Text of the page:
Five ways you could tackle workplace stress in your business

A little bit of pressure in people’s work lives is generally a good thing. It creates a sense of urgency to get things done, can push people out of their comfort zone to achieve more than they thought possible of themselves, plus it makes life a little more interesting.

Pressure is good, but when it gets too intense, it can transform into stress, and over time this is not so good.

First off, it is unpleasant for anyone experiencing it. The knock on effects, though, can be damaging for your business, and cause further harm to employees and those around them.

April is Stress Awareness Month and Health and Safety Executive statistics show that 17.1 million working days were lost to stress in 2023. With that in mind we are looking at how to spot the signs of stress and five effective ways you can manage it in your business.

The impact of stress at work

The effects of too much stress at work can be wide-ranging. The following kinds of problem from an employee could indicate that you have an underlying issue with stress in your business:

  • Performance issues such as errors, loss of motivation and forgetfulness.
  • Increased conflict like personality clashes or grumpiness, even bullying.
  • Tiredness, frequent headaches and other physical ailments.
  • Behavioural changes like excessive alcohol consumption, scruffy appearance or hygiene issues.
  • Poor time-keeping or absenteeism.

Some of these may spark your disciplinary process, but recognising where stress is the root cause will help prevent problems repeating themselves, either with the employee in question or others who face similar pressures.

Advice for tackling stress in your business

If any of the above issues sound familiar, there are many good management practices and ideas that you can adopt to get on the front foot.

1. Introduce new training

New training initiatives could help your business at a number of levels. You could target training at line managers to help them look out for stress and respond appropriately. You could offer personal resilience training to your wider workforce to help them cope better with the pressures they face.

Appointing and training a mental health first aider in your business is an increasingly popular option. Their role is to spot the early warning signs of mental health troubles and help people find the help they need before they are overwhelmed.

We have a variety of in-house training solutions on offer, so please ask if you are interested.

2. Conduct a staff survey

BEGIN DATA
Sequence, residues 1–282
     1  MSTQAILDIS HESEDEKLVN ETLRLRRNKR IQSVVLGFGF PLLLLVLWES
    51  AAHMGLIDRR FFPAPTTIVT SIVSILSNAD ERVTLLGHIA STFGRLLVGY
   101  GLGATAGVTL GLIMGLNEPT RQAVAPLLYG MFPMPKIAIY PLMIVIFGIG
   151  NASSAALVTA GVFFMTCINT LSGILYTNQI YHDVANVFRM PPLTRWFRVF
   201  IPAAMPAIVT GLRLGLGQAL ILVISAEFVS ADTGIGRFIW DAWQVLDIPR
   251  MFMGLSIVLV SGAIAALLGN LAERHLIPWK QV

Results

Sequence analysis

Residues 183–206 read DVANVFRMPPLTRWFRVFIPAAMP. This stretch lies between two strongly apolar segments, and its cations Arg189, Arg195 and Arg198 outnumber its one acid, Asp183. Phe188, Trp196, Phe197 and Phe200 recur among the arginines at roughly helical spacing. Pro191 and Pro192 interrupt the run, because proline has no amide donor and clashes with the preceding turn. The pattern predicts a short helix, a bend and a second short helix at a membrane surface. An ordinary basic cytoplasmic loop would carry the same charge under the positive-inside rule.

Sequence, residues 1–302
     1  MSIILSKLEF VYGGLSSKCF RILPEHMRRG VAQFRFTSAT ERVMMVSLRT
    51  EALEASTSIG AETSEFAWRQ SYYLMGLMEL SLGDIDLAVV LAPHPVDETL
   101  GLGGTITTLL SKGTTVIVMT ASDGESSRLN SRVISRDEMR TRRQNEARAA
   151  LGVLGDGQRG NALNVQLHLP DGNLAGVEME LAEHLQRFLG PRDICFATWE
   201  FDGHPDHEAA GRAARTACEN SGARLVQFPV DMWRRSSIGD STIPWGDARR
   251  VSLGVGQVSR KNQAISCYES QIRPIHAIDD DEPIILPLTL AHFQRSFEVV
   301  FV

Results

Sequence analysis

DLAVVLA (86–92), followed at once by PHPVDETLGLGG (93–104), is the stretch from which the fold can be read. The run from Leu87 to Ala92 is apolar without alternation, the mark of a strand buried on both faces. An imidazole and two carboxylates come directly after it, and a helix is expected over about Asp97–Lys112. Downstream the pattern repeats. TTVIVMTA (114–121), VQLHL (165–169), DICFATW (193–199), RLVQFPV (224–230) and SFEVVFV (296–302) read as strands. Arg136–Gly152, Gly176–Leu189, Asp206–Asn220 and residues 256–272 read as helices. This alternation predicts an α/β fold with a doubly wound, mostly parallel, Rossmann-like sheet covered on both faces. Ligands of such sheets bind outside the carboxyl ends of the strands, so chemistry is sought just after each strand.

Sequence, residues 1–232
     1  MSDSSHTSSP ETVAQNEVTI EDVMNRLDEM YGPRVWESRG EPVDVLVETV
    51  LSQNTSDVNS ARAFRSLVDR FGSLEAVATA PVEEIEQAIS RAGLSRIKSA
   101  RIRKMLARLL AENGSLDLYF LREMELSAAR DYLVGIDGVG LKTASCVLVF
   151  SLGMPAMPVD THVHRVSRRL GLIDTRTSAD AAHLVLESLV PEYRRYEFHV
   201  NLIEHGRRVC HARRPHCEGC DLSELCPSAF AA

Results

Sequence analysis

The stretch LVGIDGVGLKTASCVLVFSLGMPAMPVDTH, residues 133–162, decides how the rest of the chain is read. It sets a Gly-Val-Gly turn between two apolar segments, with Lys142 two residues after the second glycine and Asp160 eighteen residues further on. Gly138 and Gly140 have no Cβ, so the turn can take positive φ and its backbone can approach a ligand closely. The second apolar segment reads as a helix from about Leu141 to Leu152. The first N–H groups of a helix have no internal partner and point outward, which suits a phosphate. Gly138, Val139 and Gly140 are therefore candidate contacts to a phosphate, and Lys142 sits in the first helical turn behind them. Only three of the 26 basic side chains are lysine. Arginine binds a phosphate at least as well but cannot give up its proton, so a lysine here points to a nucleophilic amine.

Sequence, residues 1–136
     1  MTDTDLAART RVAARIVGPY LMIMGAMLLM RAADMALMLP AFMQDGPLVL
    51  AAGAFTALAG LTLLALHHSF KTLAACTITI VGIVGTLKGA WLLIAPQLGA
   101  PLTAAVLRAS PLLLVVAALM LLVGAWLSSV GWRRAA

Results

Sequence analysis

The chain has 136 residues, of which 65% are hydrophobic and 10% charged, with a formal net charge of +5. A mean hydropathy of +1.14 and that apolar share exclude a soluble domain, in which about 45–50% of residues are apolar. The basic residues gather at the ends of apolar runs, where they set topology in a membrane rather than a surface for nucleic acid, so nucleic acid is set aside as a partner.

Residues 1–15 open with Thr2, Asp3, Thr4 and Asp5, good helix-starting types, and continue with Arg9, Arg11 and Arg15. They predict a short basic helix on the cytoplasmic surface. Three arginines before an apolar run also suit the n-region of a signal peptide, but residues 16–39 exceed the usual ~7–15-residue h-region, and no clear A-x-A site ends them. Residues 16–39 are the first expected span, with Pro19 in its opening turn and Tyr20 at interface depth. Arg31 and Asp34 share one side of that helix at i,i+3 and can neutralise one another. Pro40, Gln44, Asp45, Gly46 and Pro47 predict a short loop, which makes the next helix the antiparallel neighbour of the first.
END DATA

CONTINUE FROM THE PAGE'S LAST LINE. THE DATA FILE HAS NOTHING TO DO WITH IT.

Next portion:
Asking people directly about matters that concern them can provide heaps of useful information on which you can act, and a stress survey exploring the causes is no different. It may help to give them the option for it to be confidential, and you’re sure to be able to draw a line between positive pressure and negative stress, what needs addressing and what’s to be taken with a pinch of salt.

3. Perform a stress risk assessment

You’re probably already familiar with performing risk assessments in your business. If you don’t yet do one for stress this could be a useful exercise, perhaps following on from a staff survey. Given that so many millions of days are lost each year to stress, laying this groundwork is a great preventative measure to minimise the impact in your business. Your risk assessment will help you determine where to put resources to reduce stress.

4. Offer an employee assistance programme

We are strong advocates of offering an employee assistance programme (EAP) as part of a benefits package. It is a low cost package per employee that offers expert helplines for a variety of issues employees could face, including legal issues, counselling and… stress. It’s perfect for helping staff overcome adversity which either would not be addressed or would take up time from busy line managers.

5. Flexible working options

Flexible working is not right for every business and will not be a silver bullet for every case of stress, but it may be a useful tool to consider, depending on the root causes of stress. It doesn’t necessarily mean working from home, and could simply be an adjustment to start and finish times to accommodate school runs, or another change to working patterns.

Need extra help?

If stress has been a problem for people in your business and you would like to come up with a plan, please reach out to The HR Dept experts. Or if there is a specific solution that we have mentioned above which you would like to find out more about, just ask.

Dafferns HR is a strategic alliance between Dafferns and The HR Dept

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